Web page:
I think a lot of people, even former hippies, people who lived on the fringe and held those anti-establishment beliefs, have the impression that the whole ‘sixties’ magilla just kinda faded away, fizzled out, died of its own weariness and excessive foolishness. Which is not entirely true. There was organized, systematic, repressive action taken against every aspect of that outburst against “the system”, including alternative print media, by the powers, agencies, institutions of the “corporate state”. It is not paranoia, but the facts of history, to say these things. “They” didn’t sit back and passively watch while Abbie Hoffman and Huey Newton strutted and fretted their hour upon the stage. They had their think tanks staying up nights plotting and scheming new techniques to squash, neutralize, co-opt this threat to everything they held dear. They constructed sophisticated strategies for instilling fear into the general population. You could watch it happening. All through the seventies and into the eighties, fear was a weapon the bastards used very effectively. Like, take f’r instance, the 1973 Supreme Court ruling saying that local communities could decide for themselves what would be considered “obscene”, thereby unleashing vigorous forces of conservatism, right-wing Christians, etc., riding the wave of panic over “pornography”. The pressure was on all “explicit” material. The mafia and other large scale disseminators were able to shield their stuff, but shopkeepers who carried underground comics were running scared. The business took a big nose dive, and never did recover. The “fad” was over. But yeah, sure, it was a sign of the times… it wasn’t ONLY a government conspiracy… the “folks back home” were fed up… they wanted a crackdown on all this liberal-humanism-permissiveness crap!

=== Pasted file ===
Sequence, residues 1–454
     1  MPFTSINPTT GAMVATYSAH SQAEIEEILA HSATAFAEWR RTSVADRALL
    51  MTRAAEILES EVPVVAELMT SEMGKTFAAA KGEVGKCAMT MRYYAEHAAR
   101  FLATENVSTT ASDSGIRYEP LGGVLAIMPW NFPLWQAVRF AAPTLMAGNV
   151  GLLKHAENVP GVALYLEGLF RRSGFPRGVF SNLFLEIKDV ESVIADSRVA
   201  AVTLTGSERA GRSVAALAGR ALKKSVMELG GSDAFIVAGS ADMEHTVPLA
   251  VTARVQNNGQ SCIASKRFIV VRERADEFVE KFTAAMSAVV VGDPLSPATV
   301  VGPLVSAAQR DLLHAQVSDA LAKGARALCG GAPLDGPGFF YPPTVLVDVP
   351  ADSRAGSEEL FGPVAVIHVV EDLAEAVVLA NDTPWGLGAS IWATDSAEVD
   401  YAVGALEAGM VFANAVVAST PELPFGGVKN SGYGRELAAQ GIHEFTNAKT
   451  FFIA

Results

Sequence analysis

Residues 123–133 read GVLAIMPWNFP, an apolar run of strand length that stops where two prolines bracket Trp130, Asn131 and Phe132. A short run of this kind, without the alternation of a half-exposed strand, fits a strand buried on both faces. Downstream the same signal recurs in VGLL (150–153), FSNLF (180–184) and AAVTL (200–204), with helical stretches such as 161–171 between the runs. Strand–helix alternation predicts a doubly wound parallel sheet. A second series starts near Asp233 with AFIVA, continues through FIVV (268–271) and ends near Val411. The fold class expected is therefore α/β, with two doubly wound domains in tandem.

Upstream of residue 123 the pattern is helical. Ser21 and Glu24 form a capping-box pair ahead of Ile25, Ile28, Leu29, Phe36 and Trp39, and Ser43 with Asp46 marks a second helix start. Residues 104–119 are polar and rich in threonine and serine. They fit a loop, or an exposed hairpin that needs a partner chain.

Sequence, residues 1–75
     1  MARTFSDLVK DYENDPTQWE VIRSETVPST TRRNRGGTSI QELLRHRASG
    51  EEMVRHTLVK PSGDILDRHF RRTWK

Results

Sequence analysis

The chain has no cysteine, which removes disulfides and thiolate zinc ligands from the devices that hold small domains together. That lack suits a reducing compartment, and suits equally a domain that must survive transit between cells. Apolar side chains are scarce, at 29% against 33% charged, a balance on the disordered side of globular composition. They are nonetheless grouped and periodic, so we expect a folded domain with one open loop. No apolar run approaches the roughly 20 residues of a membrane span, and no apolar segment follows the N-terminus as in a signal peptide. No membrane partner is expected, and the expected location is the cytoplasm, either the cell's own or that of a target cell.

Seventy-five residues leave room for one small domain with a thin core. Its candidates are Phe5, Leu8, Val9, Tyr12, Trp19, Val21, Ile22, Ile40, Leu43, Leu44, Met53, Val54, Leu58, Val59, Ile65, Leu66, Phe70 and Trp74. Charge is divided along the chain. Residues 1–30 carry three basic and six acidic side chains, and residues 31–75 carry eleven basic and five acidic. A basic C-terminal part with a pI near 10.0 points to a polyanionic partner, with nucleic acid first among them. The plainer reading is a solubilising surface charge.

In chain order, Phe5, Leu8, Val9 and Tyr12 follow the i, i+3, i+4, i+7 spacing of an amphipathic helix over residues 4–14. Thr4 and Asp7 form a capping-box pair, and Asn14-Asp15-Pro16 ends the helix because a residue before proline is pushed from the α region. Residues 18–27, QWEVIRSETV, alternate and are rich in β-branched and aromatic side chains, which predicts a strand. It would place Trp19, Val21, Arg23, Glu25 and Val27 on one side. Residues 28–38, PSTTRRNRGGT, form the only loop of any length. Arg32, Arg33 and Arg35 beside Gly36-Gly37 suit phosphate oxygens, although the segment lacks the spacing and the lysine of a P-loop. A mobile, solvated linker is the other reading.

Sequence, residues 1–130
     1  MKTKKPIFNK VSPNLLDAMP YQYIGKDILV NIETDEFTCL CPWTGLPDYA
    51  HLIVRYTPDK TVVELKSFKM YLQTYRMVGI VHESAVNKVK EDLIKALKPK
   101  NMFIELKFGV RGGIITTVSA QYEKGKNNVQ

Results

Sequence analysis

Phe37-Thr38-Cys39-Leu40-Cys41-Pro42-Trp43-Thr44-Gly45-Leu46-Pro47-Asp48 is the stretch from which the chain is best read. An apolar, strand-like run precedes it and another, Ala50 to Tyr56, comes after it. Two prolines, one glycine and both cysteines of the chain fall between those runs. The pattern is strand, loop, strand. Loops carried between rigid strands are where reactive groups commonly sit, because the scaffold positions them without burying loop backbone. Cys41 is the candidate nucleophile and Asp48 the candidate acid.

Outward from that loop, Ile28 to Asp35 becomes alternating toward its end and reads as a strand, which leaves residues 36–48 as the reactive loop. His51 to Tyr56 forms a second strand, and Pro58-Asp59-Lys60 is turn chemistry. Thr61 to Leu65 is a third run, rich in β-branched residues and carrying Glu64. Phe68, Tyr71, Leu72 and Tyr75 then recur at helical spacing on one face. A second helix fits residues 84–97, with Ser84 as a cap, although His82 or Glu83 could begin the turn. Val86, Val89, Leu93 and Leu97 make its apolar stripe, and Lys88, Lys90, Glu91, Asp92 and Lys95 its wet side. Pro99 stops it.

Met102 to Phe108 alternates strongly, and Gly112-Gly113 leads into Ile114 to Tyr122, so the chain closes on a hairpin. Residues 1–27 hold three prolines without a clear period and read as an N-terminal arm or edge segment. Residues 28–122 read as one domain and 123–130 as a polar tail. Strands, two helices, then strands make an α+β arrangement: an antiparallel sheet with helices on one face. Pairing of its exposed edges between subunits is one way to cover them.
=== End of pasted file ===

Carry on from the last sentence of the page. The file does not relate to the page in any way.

It must be admitted, also, that circa 1970, those “UG” publishers like The Print Mint, Rip-Off Press, Last Gasp Eco-Funnies and others would publish anything that faintly resembled an underground comic, glutting the market with a multitude of unreadable, incoherent books, many of which are rare and valuable collectors items today. They behaved like any other business in the throes of a trend… pump it for all its worth ‘til the bubble bursts. Among these badly executed comics were many embarrassing R.Crumb imitations. But the openness and willingness to print anything also allowed many young artists to see their work in print, an experience which can be highly motivating… some of these artists are still at it, and doing excellent work. In the more closed and less experimental atmosphere of this age, it is much harder, if not impossible, for young amateurish “underground” cartoonists to get published in anything above the level of Xerox.
So, what you’re looking at here is “vintage” Crumb from what was really the “heyday” of underground comics, but not necessarily the “golden age”. That just might be… only history will know for sure… but just might be… this very moment! Look SHARP!
-- R.Crumb, Winters, Calif., Feb., 1991